The Virgin Mary breastfeeds the infant Christ in a walled garden surrounded by flowers. God the Father, a small figure radiating light, appears in the sky above. The image of the Virgin and Christ Child in a garden was derived from the poetic imagery of the Song of Solomon, a book of the Old Testament. In it, a woman is described as a lily and a rose as well as an enclosed garden (which, when associated with Mary, came to symbolise her virginity).
This painting was probably made by members of Dürer’s workshop. It includes flowers that are derived from his detailed watercolour studies of the natural world – one of his particular artistic preoccupations – many of which would have been available in the workshop. Each floral element had theological significance: the iris and the rose were associated with the Virgin’s ‘Seven Sorrows’, while the grapevine with large leaves and delicate tendrils was a symbol of the Eucharist (when Christians drink wine at Mass in remembrance of Christ).
The Virgin Mary breastfeeds the infant Christ in a walled garden surrounded by vegetation and spring flowers. An arch in the wall reveals the sea beyond, while God the Father – a small figure radiating light – appears in the sky above.
The image of the Virgin and Christ Child in a garden was derived from the imagery of the Old Testament book, the Song of Solomon. It is a collection of love poems in which a woman describes herself as ‘the rose of Sharon, and the lily of the valleys’ (Song of Solomon 2:1), as well as an enclosed garden, often referred to by the Latin term hortus conclusus. The woman in the text was associated with Mary, and the enclosed garden was seen as a metaphor of her perpetual virginity.
The image was extremely popular in the Middle Ages and maintained its popularity in Dürer’s lifetime. He made several prints and drawings of the Virgin and Child in the hortus conclusus, a theme he began to develop in studies in around 1503. The garden setting suited the contemporary enthusiasm in Germany in particular for the close study of nature. Each floral element in this painting also has theological significance. The iris was associated with the Virgin’s ‘Seven Sorrows’ – resembling a sword, it was linked with the metaphorical sword that the priest Simeon told Mary would pierce her soul (Luke 2: 35). The grapevine with large leaves and delicate tendrils was a symbol of the Eucharist (when Christians drink wine at Mass in remembrance of Christ).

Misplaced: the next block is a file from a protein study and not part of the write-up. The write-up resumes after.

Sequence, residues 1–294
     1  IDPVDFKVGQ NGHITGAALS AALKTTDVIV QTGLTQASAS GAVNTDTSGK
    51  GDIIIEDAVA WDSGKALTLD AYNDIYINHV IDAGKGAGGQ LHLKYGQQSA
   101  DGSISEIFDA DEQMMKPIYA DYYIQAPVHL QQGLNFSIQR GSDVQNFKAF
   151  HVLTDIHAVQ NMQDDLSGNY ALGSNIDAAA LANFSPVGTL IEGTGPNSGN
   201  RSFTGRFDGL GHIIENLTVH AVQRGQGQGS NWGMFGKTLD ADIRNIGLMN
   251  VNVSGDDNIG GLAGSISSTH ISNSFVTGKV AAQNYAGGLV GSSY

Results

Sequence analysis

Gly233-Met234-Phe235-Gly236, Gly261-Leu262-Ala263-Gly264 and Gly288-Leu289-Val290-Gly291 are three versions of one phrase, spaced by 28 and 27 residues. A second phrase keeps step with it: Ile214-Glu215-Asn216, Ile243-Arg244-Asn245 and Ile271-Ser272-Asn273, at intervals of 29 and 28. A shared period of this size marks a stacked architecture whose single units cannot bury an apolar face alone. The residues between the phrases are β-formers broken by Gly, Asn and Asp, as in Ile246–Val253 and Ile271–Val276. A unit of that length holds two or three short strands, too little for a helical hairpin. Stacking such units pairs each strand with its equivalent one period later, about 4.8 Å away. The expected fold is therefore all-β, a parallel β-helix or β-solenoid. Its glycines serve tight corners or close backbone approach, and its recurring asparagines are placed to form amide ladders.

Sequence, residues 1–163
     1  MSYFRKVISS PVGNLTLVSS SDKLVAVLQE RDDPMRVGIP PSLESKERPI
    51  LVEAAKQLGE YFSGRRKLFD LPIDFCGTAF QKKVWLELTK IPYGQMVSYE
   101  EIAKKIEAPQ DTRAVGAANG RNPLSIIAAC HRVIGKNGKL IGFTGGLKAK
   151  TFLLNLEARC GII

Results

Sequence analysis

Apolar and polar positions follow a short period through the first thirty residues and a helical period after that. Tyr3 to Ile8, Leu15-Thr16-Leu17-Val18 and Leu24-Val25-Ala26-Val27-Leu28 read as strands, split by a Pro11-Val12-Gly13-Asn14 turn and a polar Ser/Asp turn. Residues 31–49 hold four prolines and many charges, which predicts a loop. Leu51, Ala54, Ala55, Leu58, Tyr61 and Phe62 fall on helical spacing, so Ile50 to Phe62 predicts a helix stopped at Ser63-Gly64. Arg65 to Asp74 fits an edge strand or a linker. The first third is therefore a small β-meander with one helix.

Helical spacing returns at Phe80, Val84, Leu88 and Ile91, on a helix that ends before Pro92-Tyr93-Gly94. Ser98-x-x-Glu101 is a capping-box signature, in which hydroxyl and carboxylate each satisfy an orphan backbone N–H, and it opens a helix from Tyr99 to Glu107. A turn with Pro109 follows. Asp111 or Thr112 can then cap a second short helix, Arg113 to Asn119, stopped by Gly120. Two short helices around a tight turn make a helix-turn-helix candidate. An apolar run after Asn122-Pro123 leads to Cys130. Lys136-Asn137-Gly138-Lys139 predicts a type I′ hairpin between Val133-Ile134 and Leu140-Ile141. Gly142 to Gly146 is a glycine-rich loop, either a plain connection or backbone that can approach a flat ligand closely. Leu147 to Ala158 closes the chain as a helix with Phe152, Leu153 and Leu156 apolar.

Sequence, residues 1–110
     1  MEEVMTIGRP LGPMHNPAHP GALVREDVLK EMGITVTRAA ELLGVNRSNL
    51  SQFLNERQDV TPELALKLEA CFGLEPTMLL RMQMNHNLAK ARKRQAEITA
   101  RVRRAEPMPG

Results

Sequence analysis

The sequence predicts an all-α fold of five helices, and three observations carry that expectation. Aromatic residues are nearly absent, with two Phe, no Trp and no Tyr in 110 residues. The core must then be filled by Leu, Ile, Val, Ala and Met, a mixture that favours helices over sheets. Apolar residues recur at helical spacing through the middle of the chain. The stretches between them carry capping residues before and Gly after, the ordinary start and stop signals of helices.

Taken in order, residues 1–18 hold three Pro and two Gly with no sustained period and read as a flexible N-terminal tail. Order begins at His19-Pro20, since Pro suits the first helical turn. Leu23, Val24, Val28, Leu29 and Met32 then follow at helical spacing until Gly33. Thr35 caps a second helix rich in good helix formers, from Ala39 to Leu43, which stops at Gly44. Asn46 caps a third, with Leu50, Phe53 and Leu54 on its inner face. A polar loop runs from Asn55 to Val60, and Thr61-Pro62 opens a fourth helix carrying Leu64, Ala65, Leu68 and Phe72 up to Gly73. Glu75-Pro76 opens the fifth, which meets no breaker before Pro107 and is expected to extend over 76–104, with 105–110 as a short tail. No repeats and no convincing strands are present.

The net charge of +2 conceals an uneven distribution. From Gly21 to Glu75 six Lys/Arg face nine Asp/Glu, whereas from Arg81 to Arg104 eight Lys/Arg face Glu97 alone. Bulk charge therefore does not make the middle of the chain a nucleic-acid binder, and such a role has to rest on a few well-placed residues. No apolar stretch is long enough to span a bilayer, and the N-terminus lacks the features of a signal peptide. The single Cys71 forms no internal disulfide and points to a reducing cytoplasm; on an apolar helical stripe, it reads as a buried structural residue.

Dürer’s many detailed watercolour studies of flowers, vegetation, landscapes and animals reflect his idea that, as he wrote, ‘The more exactly one equals nature, the better the picture looks’. The iris is virtually identical to a watercolour study now in the Kunsthalle Bremen, while the peonies to the right relate very closely to a study of the flower made by Schongauer, which Dürer almost certainly owned. One of Dürer’s most famous studies of a humble patch of turf (Albertina, Vienna) seems to have inspired the vegetation on the left of the grassy bench around the Virgin’s mantle, and the bugle and the lily of the valley (neither of which are in flower) resemble a drawing by the workshop (British Museum, London). All of these would have been available in Dürer’s workshop.
Although the work is not by Dürer’s own hand, the reuse of many of these studies suggests that the picture was produced in his workshop, possibly while he was in Venice in 1505–7. Infrared reflectography reveals the drawing beneath the paint surface and has shown that several artists were involved, though we cannot identify specific individuals. The underdrawing of the Virgin and Christ Child is careful and precise, suggesting they were copied from an existing design. A rose was drawn to the right of the Virgin’s head but was not included in the final image, while the grasses and plants at the left do not appear in the underdrawing they were added during the painting process. The iris was freely drawn but altered in the final painting. These discrepancies suggest the work was composed in sequential phases by different painters. The butterfly perching on the Virgin’s mantle and her white veil were added on top of the painting’s varnish layer.
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